The Women of Pliny's Letters
Cornelia: Mother of the Gracchi
Julia Domna: Syrian Empress
July 13, 2017
Pliny's letters offer a significant source of information about the lives of Roman women (predominantly, though not exclusively, upper-class women) during the late first and early second centuries CE. In the 368 letters included in his ten published books of epistles, Pliny mentions over 30 women...
May 21, 2007
Examining the remarkable life of Cornelia, famed as the epitome of virtue, fidelity and intelligence, Suzanne Dixon presents an in-depth study of the woman who perhaps represented the ideal of the Roman matrona more than any other. Studying her life during a period of political turmoil, Dixon...
May 10, 2007
This book covers Julia’s life, and charts her travels throughout the Empire from Aswan to York during a period of profound upheaval, and seeks the truth about this woman who inspired such extreme and contrasting views, exposing the instability of our sources about her, and characterizing a...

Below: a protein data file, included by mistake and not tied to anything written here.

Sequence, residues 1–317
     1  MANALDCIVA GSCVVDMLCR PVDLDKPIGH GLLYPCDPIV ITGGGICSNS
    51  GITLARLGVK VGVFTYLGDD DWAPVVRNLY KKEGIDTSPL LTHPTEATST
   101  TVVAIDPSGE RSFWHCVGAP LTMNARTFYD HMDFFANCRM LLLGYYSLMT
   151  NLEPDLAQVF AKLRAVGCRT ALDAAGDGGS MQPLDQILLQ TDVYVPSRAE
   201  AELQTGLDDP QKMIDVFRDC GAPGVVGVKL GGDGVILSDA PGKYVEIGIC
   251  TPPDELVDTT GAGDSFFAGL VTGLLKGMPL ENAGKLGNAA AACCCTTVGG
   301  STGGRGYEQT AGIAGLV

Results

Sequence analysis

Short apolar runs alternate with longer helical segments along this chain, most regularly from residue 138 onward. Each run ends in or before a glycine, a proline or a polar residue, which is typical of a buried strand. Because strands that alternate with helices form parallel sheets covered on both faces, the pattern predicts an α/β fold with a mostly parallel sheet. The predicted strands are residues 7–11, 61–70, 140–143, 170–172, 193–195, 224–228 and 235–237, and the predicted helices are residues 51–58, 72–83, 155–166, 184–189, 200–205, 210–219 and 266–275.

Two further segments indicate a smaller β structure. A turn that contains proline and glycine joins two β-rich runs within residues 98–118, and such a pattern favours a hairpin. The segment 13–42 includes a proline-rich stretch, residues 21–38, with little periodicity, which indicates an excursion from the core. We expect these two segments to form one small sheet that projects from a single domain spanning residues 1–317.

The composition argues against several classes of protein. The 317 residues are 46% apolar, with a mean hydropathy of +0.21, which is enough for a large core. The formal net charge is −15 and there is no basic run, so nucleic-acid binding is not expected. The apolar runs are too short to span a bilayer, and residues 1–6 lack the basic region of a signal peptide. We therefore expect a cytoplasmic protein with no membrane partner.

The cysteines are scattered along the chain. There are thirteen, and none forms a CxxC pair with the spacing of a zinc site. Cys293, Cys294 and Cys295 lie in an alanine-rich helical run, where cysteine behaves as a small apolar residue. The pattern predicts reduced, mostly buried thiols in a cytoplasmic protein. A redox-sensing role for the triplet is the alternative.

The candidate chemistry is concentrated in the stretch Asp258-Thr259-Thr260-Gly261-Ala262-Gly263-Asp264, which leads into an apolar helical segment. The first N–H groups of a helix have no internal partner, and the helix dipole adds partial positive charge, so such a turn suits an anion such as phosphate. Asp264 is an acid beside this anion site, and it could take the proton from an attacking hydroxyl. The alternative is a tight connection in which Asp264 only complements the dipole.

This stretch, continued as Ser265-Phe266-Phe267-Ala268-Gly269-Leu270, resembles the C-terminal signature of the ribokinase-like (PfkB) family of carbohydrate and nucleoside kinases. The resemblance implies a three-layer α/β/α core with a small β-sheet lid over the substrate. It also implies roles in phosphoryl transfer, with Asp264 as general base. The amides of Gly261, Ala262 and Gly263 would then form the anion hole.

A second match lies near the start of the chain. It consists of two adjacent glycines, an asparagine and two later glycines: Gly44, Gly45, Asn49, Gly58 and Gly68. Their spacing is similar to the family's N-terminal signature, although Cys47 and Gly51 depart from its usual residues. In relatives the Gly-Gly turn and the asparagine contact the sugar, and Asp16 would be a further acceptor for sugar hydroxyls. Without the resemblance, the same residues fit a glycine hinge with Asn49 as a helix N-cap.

April 12, 2007
Studying references and writings in over 900 personal letters, an unparalleled source, this book presents a rounded and intriguing account of the three women who, until now, have only survived as secondary figures to Cicero. In a field where little is really known about Cicero’s family, Susan...
June 21, 2006
This scholarly biography details the life of an extraordinary woman in an extraordinary society. Julia Augusti studies the life of the only daughter of Augustus, the first Roman emperor, and the father who sacrificed his daughter and her children in order to establish a dynasty. Studying the...
June 08, 2006
The definitive guide to the life of the first woman to play a major role in Greek political history, this is the first modern biography of Olympias. Presenting a critical assessment of a fascinating and wholly misunderstood figure, Elizabeth Carney penetrates myth, fiction and sexual politics and...